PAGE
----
Magazine article Strategic Finance


Magazine article Strategic Finance


Article excerpt

Sound management practices can minimize or eliminate this financial risk.

Sexual harassment may be the biggest single financial risk that exists in companies today. Some companies have learned this the hard way. Astra USA settled its sexual harassment case for $10 million, Baker & McKenzie--a titan of law firms--paid $7.1 million in damages, and Management Recruiters International paid $1.3 million. Add in typical six-figure tabs for lawyers, and it's obvious that the bottom line takes a big hit.

Because risk management often comes under the financial umbrella and sexual harassment cases are a risk to companies, it's critical that you deal with sexual harassment proactively. You can't afford to leave such a key area as the sole province of the corporate human resources group. The good news is that sound management practices and commonsense techniques can minimize--or even eliminate--this risk. I'll describe the risks, relevant federal legislation, and recent court rulings and provide you, the financial executive, with an action plan to minimize the threat of sexual harassment to your organization's bottom line.

First, a disclaimer. I'm not an attorney, so I don't intend to provide legal advice. But the information will help your organization avoid hiring an attorney to defend a sexual harassment suit. In these cases, the only winners are the lawyers. Case in point: While I was describing a case of sexual harassment at a presentation, an attorney said something like, "Now that's a case you may scare people with, but I could win that one in court!" My response? "Your use of the word 'win' is debatable. Sort of like, 'win a nuclear war.' Once you've reached the stage where a sexual harassment complaint is in court, the organization has already lost. The only issue is how much you've lost!"


It's been said that while most men aren't harassers, most harassers are men. With this in mind, is there a composite of a company most at risk? Organizations that appear most susceptible to breeding sexual harassment consist of older men in positions of power and younger women who have considerably less hierarchical power. Law firms, public accounting firms, the military, and the U.S. Congress are a few types of organizations that fit this profile.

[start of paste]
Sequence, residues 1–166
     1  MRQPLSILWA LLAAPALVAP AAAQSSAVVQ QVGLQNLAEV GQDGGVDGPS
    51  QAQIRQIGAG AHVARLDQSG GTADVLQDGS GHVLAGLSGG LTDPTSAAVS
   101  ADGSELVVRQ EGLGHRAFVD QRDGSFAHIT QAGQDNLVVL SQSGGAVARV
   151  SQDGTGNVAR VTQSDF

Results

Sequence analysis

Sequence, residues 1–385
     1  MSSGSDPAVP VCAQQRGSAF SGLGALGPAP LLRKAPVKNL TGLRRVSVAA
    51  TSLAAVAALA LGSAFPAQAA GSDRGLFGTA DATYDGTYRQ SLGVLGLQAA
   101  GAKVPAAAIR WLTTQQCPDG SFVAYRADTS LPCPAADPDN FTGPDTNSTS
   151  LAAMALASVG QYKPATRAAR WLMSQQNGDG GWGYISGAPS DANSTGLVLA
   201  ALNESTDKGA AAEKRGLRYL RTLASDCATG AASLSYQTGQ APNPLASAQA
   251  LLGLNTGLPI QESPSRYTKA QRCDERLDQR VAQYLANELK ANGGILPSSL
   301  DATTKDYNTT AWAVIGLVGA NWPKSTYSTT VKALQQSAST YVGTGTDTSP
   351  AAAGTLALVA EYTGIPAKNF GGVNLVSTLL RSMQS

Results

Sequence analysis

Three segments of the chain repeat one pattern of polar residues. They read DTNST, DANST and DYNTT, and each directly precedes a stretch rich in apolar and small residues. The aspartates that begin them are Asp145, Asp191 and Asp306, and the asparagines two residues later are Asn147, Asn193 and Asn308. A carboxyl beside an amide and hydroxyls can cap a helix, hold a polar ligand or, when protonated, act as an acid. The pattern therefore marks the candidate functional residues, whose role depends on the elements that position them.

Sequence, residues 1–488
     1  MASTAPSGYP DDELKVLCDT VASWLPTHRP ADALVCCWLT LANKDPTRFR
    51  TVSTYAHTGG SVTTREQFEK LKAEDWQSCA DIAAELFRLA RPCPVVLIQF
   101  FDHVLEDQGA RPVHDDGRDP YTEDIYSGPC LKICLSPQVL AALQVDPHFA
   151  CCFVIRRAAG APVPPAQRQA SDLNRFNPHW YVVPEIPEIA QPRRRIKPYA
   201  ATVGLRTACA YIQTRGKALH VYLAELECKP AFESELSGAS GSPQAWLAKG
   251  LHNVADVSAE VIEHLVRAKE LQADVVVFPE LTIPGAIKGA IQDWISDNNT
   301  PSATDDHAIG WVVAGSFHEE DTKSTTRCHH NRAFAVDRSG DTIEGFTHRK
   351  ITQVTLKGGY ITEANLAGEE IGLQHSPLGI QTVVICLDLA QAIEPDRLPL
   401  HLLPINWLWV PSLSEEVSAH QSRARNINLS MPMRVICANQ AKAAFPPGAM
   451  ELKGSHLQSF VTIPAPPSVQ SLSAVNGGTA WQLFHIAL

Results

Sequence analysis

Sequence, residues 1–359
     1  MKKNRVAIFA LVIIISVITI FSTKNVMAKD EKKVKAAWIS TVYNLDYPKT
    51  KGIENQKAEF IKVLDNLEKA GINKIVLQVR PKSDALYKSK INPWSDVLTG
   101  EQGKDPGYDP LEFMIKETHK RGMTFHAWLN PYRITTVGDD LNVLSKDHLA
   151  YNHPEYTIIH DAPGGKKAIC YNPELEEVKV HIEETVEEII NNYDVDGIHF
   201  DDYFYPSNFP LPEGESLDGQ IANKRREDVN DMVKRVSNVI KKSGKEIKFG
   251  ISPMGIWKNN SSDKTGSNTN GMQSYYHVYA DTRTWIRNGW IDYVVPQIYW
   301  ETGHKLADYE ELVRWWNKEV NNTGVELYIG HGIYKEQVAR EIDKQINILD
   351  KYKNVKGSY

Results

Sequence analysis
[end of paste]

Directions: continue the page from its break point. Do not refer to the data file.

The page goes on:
Monetary losses aren't the only risks to companies. Sexual harassment claims impact at least three other areas: the handling of Statement of Accounting Standards No. 5, "Accounting for Contingencies"; your company's reputation; and the work environment. First, think of your responsibilities regarding contingencies that are outlined in SFAS 5. If the contingency is either probable or reasonably probable, you must record the estimate or discuss it in a financial statement note if you can't make an estimate. Only if the contingency is remote can you justify not mentioning the situation. Beginning a financial statement note with "the company is the subject of a sexual harassment suit..?" will only generate negative publicity.

The second area a sexual harassment case impacts is reputation. Estimates indicate that a crisis related to a company's reputation can decrease a publicly traded firm's market value from 5% to 30%. If you doubt the numbers, think of the adverse publicity generated about Mitsubishi in the late 1990s during and after a sexual harassment complaint filed by the Equal Employment Opportunity Commission (EEOC).

Third, and in my opinion the most serious impact of a sexual harassment claim, is the effect on the company's morale, productivity, and general work environment. While the investigators of a sexual harassment claim must protect the privacy of all concerned parties, the grapevine often overcomes those efforts. The rumors can poison the everyday work relationships within your organization.

A few of you might be saying, "It can't happen in my organization!" But take a moment and think of your response if your CEO told you that your firm had just been named in a sexual harassment complaint by the EEOC. …

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